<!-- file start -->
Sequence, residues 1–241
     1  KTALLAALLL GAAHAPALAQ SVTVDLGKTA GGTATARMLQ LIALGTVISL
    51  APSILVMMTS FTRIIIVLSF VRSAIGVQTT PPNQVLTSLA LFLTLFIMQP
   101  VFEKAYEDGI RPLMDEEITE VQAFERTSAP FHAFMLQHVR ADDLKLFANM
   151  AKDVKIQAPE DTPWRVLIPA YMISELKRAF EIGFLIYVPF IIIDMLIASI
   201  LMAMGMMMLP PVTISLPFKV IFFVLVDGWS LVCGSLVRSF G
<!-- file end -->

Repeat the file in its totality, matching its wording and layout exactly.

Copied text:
Sequence, residues 1–241
     1  KTALLAALLL GAAHAPALAQ SVTVDLGKTA GGTATARMLQ LIALGTVISL
    51  APSILVMMTS FTRIIIVLSF VRSAIGVQTT PPNQVLTSLA LFLTLFIMQP
   101  VFEKAYEDGI RPLMDEEITE VQAFERTSAP FHAFMLQHVR ADDLKLFANM
   151  AKDVKIQAPE DTPWRVLIPA YMISELKRAF EIGFLIYVPF IIIDMLIASI
   201  LMAMGMMMLP PVTISLPFKV IFFVLVDGWS LVCGSLVRSF G